Last week, the U.S. Wage and Hour Division (“WHD”) announced that it will soon offer employers the chance to self-report to the WHD and potentially resolve minimum wage and overtime violations. This opportunity will be offered under the new WHD Payroll Audit Independent Determination (“PAID”) program.
The employment law community is buzzing with the question: when would it make sense for an employer to subject themselves to a WHD audit?
Any employer trying to tackle this question should first engage counsel to discuss the pros and cons of self-reporting, and consider engaging counsel to perform a wage and hour audit. (Using employment counsel will keep the audit confidential under the attorney/client privilege.) Then, the employer will need to assess its circumstances in light of the logistics of the program.
The main selling point of the PAID program is the ability to “expeditiously resolve inadvertent minimum wage and overtime violations without litigation.” However, the WHD noted that “[i]t is purely the employee’s choice whether to accept the payment of back wages due. . .[i]f the employee chooses not to accept the payment, the employee will not release any private right of action.” So, even if the employer wants to participate in the PAID program, the employees do not have to. The employees can take the information that they are owed back pay, hire a lawyer and sue the employer. Additionally, if an employee does accept the settlement and signs a release through the WHD, it is not clear if the release will cover state wage and hour claims.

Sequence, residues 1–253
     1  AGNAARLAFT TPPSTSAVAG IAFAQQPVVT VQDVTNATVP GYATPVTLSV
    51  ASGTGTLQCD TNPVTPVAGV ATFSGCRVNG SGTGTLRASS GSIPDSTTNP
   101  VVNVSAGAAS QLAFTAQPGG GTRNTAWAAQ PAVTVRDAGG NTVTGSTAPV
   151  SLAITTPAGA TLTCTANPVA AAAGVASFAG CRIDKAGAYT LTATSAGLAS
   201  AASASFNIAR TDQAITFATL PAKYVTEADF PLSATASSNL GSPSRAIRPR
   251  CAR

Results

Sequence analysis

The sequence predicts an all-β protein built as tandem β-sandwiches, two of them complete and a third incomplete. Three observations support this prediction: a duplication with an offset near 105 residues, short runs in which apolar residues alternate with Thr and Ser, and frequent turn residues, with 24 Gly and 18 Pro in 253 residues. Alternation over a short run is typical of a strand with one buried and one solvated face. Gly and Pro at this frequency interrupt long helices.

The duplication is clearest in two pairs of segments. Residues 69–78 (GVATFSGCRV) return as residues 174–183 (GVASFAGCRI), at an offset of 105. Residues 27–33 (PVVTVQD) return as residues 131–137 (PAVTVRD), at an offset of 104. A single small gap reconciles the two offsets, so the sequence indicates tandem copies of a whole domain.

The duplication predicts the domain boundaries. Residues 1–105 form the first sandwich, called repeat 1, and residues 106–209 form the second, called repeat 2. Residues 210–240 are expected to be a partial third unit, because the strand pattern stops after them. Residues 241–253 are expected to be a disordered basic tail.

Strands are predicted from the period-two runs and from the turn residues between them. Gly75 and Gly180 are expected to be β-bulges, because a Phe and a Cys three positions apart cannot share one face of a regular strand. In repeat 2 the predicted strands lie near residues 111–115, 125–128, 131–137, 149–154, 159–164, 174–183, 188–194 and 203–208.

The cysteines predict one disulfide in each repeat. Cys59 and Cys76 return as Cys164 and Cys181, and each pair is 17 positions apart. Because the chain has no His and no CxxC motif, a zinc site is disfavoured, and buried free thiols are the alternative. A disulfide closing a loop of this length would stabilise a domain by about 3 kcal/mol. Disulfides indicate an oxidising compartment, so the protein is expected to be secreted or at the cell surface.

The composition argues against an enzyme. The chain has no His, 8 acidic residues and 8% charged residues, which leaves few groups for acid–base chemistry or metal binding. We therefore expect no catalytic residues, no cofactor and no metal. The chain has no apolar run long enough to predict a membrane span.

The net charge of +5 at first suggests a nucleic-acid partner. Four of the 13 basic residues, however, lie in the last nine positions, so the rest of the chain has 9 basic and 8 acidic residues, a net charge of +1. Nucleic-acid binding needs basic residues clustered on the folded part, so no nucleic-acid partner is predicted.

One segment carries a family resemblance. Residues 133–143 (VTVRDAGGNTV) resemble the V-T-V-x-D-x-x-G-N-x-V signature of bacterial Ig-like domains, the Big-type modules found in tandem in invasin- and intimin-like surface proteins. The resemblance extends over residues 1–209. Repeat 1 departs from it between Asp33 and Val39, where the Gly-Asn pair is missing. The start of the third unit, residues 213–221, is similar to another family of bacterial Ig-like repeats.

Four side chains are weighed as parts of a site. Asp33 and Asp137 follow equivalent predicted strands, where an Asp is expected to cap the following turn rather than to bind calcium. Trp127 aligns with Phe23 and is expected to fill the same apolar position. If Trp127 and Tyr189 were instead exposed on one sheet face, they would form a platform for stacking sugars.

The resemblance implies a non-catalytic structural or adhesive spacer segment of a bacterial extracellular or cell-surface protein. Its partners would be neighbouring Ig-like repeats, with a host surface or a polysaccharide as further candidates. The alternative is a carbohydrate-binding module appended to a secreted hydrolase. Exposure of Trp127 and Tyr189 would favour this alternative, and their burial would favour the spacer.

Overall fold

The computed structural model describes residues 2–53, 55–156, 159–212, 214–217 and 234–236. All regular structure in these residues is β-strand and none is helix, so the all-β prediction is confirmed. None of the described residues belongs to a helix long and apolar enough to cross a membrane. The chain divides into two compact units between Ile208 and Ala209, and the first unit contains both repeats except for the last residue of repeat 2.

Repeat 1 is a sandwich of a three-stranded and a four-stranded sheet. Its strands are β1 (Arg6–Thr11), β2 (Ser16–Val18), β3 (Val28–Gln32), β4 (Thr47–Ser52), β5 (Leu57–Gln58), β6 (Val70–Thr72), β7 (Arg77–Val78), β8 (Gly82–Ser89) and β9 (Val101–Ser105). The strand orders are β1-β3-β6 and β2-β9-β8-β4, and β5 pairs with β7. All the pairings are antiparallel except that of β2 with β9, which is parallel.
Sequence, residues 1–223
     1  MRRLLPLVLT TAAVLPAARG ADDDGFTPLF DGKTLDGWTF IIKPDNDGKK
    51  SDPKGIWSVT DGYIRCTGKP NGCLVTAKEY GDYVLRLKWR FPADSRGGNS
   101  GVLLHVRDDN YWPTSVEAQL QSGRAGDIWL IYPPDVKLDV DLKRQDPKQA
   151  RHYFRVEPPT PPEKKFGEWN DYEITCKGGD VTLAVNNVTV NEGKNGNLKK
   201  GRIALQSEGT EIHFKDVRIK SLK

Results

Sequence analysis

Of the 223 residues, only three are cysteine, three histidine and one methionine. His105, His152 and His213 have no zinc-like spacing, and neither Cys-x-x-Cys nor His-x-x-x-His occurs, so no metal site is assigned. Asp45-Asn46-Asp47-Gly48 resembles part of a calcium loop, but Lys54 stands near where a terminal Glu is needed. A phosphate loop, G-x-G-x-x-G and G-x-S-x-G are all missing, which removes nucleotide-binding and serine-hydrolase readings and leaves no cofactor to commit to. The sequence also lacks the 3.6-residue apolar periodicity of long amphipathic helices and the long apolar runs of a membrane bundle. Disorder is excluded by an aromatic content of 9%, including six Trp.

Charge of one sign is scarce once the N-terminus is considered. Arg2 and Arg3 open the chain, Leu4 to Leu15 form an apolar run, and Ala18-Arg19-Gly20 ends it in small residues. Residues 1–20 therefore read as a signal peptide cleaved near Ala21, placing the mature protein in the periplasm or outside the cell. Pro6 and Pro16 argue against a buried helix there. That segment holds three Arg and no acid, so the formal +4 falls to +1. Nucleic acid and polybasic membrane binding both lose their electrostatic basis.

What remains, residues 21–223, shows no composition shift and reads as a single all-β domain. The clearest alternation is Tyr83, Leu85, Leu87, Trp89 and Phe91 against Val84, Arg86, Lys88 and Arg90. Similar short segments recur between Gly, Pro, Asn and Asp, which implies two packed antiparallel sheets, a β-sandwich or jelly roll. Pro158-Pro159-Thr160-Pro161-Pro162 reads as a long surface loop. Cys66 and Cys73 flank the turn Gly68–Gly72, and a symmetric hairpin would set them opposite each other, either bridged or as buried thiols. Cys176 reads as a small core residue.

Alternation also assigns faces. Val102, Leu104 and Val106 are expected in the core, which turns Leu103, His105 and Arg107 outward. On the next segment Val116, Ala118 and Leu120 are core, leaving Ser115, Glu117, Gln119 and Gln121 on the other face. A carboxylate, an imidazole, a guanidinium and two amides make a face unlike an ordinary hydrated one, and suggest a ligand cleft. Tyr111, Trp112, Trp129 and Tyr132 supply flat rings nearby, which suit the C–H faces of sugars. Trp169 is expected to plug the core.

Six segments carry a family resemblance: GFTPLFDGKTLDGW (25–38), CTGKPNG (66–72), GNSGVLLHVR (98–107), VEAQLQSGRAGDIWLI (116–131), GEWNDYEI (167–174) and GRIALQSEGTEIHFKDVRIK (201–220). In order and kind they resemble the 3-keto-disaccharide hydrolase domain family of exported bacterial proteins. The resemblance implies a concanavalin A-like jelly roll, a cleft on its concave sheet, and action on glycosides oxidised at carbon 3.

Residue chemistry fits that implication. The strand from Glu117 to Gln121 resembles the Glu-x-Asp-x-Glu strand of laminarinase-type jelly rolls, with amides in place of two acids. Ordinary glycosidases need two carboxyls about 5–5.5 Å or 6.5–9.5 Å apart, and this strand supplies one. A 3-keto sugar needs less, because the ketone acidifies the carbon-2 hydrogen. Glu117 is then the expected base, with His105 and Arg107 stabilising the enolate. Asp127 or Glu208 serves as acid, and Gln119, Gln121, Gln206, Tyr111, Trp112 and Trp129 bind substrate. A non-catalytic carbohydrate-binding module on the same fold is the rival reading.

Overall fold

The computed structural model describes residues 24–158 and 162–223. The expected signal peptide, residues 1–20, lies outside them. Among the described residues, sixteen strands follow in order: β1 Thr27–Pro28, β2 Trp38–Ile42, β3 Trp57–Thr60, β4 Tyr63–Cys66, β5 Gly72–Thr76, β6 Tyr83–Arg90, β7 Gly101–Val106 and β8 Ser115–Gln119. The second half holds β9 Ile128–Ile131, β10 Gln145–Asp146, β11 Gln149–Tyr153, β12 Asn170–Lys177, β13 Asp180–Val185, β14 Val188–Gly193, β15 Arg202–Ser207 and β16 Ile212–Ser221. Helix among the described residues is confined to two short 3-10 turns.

Additionally, the “WHD does not waive its right to conduct any future investigations of the employer.” An employer may perform a thorough self-audit, report any discovered violations, and then still become the target of an expanded WHD audit.
While the program sounds like an opportunity for a proactive employer, employers should understand that self-reporting may lead to individual or possible class action litigation, or a WHD expanded audit. However, there are upsides for employers if the process does run smoothly – employers will only owe employees back pay and they will not be required to pay any liquidated damages or civil monetary penalties.
Employers may want to be on the lookout for situations where the audit program may be more valuable. One commentator suggested that employers may find the audit program particularly useful “in mergers and acquisitions when employment audits often uncover payroll practice issues.”
The PAID program is not yet in effect. However, once it begins, employers should discuss with their employment counsel the pros and cons of the PAID program. In the right circumstances, they may want to participate.
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